9 Ways to Stay Safe on Your Bike Thanks to Technology | Gear Guide

Marc Lindsay
by Marc Lindsay
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9 Ways to Stay Safe on Your Bike Thanks to Technology | Gear Guide

Whether you’re a daily commuter or a weekend warrior, the road can be a pretty dangerous place to ride a bike. The good news is, cycling technology makes it easier than ever to stay safe, be visible and alert others if you need help.

Check out these nine new cycling safety products that help make your ride a safe and enjoyable experience:


While one bike lock can look a lot like the next, the new Lattis Ellipse found a way to separate itself from the pack. Distinguishing features include keyless entry via an app on your smartphone, theft alert and a self-charging solar panel that keeps the lock charged and as theft-proof as possible.


Unfortunately, getting hit from behind is a real issue for cyclists. To solve the problem, Garmin developed the first bike radar system, which alerts you to rear approaching vehicles. You’ll also be notified of the number of vehicles headed your way, the speed of the vehicles and threat level to let you know when it’s time to get out of the way. The Varia unit will also increase in brightness as the vehicle gets nearer, and can be paired with a second unit to use as turn signals.


Speaking of turn signals, by pressing together activation plates on the thumb and forefinger, the Zackees Turn Signal gloves emit LED lights on the back of your hand to make your intentions known when visibility is limited. It’s also extremely helpful for oncoming vehicles, and it allows you to signal without having to remove your hands from the handlebars.


Originally introduced in 2012, the updated ICEdot utilizes a pod on the back of the helmet to detect impact and alert your significant others instantly if there’s been a crash or fall, just in case you can’t. This life-saving device is compatible with iPhone or Android devices, weighs just 15 grams and is equipped with a rechargeable lithium battery that will run for up to 20 hours.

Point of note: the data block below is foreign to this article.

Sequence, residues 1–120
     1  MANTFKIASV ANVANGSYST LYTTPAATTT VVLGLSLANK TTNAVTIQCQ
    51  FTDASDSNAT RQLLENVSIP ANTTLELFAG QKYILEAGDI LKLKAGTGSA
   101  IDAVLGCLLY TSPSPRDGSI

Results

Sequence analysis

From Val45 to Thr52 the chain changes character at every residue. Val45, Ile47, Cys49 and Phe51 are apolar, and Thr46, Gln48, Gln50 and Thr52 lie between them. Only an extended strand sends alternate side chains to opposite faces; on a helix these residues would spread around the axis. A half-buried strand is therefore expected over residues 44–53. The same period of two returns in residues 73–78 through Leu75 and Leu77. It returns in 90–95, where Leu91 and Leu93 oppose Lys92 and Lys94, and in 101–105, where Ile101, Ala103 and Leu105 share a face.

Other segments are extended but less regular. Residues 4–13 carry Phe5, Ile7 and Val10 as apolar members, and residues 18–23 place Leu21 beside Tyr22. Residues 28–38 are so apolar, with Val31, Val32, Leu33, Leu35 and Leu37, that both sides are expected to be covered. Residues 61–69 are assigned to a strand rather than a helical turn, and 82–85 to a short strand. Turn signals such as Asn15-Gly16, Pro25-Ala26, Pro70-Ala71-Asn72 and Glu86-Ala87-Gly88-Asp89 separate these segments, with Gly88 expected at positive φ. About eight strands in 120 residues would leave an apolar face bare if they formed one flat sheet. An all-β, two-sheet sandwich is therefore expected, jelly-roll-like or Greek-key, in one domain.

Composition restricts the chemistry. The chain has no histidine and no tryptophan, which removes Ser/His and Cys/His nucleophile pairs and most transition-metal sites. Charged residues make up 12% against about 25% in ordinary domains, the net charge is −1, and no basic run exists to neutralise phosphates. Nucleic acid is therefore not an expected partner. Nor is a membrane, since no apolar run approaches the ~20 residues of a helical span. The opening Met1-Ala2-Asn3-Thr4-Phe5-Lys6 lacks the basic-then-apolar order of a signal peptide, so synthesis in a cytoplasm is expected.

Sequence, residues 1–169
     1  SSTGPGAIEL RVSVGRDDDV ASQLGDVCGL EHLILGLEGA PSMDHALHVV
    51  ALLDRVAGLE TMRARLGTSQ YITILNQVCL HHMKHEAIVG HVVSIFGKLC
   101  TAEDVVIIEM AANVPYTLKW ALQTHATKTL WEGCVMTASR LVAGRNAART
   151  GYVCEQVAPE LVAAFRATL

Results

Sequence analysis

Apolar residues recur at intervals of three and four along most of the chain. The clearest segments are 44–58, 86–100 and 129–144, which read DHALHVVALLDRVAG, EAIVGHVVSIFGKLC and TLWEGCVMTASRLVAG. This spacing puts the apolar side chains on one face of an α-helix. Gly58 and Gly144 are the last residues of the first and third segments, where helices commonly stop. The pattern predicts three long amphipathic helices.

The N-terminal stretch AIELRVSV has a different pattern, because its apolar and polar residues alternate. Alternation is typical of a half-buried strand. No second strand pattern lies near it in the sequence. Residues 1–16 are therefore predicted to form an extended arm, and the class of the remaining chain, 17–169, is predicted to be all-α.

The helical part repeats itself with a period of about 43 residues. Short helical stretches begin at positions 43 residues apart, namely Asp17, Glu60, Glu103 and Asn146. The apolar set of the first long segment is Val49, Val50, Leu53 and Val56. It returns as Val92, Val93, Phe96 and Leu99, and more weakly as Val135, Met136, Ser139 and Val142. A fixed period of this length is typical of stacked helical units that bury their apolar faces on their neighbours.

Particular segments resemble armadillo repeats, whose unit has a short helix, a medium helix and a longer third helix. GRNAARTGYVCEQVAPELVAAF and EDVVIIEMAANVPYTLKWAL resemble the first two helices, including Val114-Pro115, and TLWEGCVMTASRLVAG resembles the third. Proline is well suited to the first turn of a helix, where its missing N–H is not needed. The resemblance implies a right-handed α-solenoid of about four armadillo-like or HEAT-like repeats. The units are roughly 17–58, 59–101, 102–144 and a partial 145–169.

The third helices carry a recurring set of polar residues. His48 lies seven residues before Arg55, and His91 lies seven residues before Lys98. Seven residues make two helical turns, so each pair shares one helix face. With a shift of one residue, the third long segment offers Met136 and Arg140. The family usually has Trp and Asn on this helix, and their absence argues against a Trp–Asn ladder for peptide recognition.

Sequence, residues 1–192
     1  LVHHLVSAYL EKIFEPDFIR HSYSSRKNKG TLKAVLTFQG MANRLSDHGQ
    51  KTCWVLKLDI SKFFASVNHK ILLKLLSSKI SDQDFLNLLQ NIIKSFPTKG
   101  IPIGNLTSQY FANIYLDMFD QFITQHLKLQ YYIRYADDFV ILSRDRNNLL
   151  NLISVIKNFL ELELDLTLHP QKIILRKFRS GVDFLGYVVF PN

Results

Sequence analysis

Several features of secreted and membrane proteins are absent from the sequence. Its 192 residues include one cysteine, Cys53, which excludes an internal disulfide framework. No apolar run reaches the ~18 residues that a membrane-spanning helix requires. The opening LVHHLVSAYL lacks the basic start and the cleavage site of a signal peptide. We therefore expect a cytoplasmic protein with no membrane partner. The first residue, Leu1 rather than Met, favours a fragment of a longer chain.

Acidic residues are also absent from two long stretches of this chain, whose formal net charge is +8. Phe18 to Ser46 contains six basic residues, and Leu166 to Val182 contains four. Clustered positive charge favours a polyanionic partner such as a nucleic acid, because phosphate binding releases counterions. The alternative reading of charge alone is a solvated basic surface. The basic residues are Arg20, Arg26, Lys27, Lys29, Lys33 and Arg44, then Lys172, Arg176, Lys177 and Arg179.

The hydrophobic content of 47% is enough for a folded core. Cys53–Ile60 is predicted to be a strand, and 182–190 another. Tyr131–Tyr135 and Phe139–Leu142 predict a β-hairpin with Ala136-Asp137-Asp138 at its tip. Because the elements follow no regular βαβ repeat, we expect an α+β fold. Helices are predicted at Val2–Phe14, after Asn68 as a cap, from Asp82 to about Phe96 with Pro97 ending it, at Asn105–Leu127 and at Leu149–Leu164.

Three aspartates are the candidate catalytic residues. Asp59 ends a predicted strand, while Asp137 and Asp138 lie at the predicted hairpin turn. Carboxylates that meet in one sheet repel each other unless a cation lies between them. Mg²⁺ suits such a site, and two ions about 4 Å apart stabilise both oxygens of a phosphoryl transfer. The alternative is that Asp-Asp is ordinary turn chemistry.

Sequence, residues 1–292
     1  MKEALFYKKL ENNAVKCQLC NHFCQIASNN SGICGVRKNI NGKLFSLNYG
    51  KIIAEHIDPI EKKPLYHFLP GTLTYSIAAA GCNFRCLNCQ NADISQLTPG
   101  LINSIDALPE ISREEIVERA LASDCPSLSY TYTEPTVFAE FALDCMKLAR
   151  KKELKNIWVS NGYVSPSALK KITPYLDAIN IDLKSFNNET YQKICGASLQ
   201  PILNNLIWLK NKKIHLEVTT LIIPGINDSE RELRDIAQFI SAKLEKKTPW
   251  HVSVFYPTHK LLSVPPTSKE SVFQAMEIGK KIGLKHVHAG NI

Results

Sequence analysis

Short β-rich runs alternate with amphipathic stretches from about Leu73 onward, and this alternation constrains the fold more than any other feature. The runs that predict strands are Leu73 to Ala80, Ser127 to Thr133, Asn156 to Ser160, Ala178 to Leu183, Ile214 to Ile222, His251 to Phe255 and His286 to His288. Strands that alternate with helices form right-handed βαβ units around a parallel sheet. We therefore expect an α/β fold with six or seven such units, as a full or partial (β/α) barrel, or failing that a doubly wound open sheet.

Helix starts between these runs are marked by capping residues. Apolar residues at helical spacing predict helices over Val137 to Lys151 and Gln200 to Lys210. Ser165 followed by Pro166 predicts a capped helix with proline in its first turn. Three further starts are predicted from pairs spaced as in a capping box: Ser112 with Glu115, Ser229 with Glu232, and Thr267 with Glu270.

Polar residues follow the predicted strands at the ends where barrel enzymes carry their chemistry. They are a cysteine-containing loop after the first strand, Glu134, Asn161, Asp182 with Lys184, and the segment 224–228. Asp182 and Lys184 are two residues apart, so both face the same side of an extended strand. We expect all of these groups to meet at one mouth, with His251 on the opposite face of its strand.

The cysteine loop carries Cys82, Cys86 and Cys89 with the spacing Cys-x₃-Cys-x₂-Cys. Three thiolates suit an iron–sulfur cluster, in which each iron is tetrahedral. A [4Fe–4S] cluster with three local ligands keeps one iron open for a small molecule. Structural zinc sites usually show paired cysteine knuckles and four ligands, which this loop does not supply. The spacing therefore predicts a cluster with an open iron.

Combining a high-powered 70-lumen LED light with a 96-decibel horn, this horn packs a lot of punch in a small package. The dual-decibel horn can either be signaled lower for a more-friendly sound for pedestrians and other cyclists, or louder to get the attention of a distracted driver. It’s also weatherproof, USB rechargeable and has five different light modes.


The AVIP lineup from POC is known for its innovation, and this jersey is no different. Designed with a pad made with 92% air, the lower-back protector inserted into the jersey is extremely light and breathable while providing protection should you crash. Like the rest of POC’s jerseys, the mesh is made from high-quality materials for a sleek, aerodynamic fit.


Recording footage from an epic ride can be pretty cool, but bike cameras can also be a good way to protect yourself on the road. These front and rear cameras from Cycliq record footage you can use as proof should an incident occur, automatically uploading video just in case your cameras are damaged during an accident. It’s also equipped with high-powered lights, an alarm that detects movement when your bike is parked and a 10-hour battery.


Between bike lights, GPS devices and fitness gadgets, there isn’t a lot of space left on the bars for your hands. The SmartHalo combines all of these into one device, freeing up space and reducing overall weight in the process. The GPS function works in conjunction with a smartphone, using light indicators to provide turn-by-turn instructions so you don’t have to read a map while you’re pedaling. There’s also an internal motion sensor that sounds an alarm during an attempted theft and a tracking function to determine your bike’s location.


Designed for commuters, the T2 helmet from Torch is a sleek, good-looking helmet that is every bit as stylish as it is functional. Ten integrated LED lights on the front and rear of the helmet prevent the need to attach separate gadgets on your bike. Placing the lights on the helmet instead of on the handlebars or frame allows for a wider display at a more visible location, which makes it easier for motorists to see you. The helmet battery will last six hours on constant or 36 hours on flash mode.


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About the Author

Marc Lindsay
Marc Lindsay

Marc is a freelance writer based in Scottsdale, Arizona. He holds a master’s degree in writing from Portland State University and is a certified physical therapy assistant. An avid cyclist and runner of over 20 years, Marc contributes to LAVA, Competitor and Phoenix Outdoor magazines. He is the former cycling editor for Active.com.


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